Context: The notion of “enaction,” as originally expounded by Varela and his colleagues, was introduced into cognitive science as part of a broad philosophical framework combining science, phenomenology, and Buddhist philosophy. Its intention was to help the researchers in the field avoid falling prey to various dichotomies (mind/body, self/world, self/other) bedeviling modern philosophy and science, and serve as a “conceptual evocation” of “non-duality” or “groundlessness: an ongoing and irreducible circulation between the flux of lived experience (being) and the search of reason for conceptual invariants (knowing. Problem: It seems that, within the burgeoning field of “enactivism,” these far-reaching dimensions of the original proposal are often either dismissed or simply ignored. For this reason, the article tries to answer the following questions: Does the move away from the original exposition of enaction matter? What, if anything, has been lost along the way? What are the implications of the elements that have been discarded? Method: By drawing on some of the less well-known works of Varela, we spell out and elucidate some of the more radical aspects of the notion of enaction and the broader philosophical framework into which it was originally embedded. Results: We argue that this broader philosophical framework is of utmost importance, as it shows that enaction is only one part of the multi-layered “change in the context” that Varela felt was needed to successfully instantiate a move towards the non-dual. This “change of context” involves not only a change in the way we think about dualities, but also a change in the way we experience them. The role of new scientific metaphors, such as enaction (but also autopoiesis, embodiment, etc.), is to function as conceptual evocations of this back-and-forth exchange between knowing and being. However, if this overall framework is discarded, as is often the case in contemporary accounts, enaction loses its radical impetus and becomes mellowed down to yet another version of naturalized epistemology. Implications: Taking the notion of enaction seriously implies a radical shift in our conceptions of science and knowledge, as it encompasses a theoretical and existential move away from a detached observer to embedded and engaged cognizer. Thus, our manner of thinking can no longer be considered in isolation from our manner of being, which indicates a deep interconnection between epistemology and ethics, and may entail profound changes in the definition of the aims, methods, and values of the research community: self-transformation as a consequence of, and condition for, understanding. Constructivist content: The target article advocates a critical approach to realist presuppositions in contemporary science and philosophy, and emphasizes a deep interrelation between being and knowing, between ethics and epistemology.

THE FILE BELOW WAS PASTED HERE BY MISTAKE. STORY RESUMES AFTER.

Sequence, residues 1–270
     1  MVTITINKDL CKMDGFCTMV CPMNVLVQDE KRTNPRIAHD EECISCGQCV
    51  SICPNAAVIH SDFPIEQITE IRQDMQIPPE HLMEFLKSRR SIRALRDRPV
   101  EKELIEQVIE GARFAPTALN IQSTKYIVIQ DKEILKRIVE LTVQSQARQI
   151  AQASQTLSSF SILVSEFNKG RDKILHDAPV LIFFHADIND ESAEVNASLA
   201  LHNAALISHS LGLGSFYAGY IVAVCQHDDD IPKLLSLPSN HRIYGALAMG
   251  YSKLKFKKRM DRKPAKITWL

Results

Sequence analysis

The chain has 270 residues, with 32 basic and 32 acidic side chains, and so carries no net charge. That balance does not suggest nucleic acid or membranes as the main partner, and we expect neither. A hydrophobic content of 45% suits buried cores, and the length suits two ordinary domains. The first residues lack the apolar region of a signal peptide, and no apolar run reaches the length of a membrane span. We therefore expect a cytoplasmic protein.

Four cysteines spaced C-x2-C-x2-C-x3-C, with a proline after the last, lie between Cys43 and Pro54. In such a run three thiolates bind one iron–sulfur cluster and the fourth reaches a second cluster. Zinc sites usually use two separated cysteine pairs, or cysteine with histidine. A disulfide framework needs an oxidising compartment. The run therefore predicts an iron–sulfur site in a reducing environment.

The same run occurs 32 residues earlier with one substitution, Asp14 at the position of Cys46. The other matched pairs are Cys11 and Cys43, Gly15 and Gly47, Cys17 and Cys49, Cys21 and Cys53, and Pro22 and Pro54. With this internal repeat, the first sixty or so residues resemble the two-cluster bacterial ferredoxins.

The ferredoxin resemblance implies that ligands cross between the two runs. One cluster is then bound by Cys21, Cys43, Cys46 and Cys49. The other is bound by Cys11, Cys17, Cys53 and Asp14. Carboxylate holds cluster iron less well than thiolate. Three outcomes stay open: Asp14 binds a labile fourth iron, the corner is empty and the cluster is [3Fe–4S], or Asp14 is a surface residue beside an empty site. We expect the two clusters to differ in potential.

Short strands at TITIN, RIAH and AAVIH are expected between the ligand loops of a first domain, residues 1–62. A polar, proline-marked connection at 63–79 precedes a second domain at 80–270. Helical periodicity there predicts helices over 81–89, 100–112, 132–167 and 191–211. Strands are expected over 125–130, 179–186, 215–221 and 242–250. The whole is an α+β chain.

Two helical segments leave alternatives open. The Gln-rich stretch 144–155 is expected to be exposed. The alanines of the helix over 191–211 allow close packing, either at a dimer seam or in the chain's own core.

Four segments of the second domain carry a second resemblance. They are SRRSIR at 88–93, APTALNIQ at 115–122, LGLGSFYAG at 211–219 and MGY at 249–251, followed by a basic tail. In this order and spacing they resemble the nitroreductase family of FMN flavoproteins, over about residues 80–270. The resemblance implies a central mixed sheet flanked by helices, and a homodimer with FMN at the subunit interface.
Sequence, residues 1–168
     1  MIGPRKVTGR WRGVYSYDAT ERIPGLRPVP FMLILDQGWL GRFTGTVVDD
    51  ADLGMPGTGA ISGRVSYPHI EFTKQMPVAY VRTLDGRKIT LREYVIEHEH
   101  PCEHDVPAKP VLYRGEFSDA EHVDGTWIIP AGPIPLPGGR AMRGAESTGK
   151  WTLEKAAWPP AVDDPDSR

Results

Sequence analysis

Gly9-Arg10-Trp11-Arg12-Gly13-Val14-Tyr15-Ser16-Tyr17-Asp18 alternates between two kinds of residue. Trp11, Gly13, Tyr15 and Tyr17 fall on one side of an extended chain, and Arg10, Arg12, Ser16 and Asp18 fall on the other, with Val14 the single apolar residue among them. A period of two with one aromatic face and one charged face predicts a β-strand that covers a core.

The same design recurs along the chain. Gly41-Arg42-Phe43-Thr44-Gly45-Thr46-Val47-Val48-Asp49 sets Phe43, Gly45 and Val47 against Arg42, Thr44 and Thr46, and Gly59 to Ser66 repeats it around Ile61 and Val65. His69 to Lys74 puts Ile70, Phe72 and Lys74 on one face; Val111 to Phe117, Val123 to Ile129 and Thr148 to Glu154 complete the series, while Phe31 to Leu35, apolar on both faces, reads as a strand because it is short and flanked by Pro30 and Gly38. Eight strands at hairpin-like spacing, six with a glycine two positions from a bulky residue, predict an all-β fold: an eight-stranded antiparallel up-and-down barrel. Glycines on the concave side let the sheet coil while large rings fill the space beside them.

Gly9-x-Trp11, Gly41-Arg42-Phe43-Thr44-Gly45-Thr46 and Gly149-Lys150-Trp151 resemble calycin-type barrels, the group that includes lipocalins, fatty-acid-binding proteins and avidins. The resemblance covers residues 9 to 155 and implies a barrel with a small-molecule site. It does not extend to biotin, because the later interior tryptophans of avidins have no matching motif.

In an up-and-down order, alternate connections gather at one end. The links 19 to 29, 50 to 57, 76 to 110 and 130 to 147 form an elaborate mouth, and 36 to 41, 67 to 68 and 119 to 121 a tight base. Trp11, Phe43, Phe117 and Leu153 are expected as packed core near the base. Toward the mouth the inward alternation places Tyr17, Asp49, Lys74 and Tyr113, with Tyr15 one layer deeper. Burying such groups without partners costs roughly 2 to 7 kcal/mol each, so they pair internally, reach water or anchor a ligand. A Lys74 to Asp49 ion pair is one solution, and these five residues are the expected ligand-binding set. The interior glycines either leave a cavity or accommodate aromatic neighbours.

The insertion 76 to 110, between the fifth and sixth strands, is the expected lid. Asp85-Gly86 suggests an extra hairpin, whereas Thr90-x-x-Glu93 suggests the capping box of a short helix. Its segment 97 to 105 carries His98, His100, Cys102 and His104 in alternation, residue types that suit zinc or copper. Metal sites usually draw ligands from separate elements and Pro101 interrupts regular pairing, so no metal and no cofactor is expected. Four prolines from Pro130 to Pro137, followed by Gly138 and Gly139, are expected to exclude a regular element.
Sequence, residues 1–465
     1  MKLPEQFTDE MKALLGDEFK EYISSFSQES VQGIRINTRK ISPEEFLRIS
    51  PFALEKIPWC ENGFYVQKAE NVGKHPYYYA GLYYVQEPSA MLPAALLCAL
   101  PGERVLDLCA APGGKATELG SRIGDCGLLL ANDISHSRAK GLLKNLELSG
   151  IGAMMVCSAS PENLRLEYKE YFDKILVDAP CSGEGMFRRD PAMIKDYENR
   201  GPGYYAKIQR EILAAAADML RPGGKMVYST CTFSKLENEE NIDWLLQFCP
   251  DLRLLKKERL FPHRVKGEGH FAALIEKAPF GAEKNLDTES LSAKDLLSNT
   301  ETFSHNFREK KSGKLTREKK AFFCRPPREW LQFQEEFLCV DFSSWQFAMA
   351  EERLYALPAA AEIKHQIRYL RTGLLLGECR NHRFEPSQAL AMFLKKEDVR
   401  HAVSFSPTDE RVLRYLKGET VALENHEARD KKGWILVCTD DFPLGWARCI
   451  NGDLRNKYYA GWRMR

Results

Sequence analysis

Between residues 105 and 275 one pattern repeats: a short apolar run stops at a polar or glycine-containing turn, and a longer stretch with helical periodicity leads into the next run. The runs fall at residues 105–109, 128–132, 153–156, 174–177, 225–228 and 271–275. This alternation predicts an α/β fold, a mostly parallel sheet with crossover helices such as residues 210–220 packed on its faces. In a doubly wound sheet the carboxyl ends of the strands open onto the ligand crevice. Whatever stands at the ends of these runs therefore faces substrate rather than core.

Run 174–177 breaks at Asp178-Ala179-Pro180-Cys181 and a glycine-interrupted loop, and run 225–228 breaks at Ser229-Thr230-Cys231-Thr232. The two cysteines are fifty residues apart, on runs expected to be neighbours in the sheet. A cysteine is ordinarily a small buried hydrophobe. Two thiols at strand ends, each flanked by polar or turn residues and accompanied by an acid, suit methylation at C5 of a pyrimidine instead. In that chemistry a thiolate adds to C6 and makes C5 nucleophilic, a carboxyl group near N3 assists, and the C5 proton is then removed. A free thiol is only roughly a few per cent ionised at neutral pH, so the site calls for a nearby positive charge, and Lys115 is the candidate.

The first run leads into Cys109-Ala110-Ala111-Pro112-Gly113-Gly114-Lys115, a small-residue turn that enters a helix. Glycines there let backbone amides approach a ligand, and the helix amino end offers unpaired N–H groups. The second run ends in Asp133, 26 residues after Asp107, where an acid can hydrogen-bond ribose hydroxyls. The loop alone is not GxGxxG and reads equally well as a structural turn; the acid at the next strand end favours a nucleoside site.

Enacting Enaction: A Dialectic Between Knowing and Being
Sebastjan Vörös & Michel Bitbol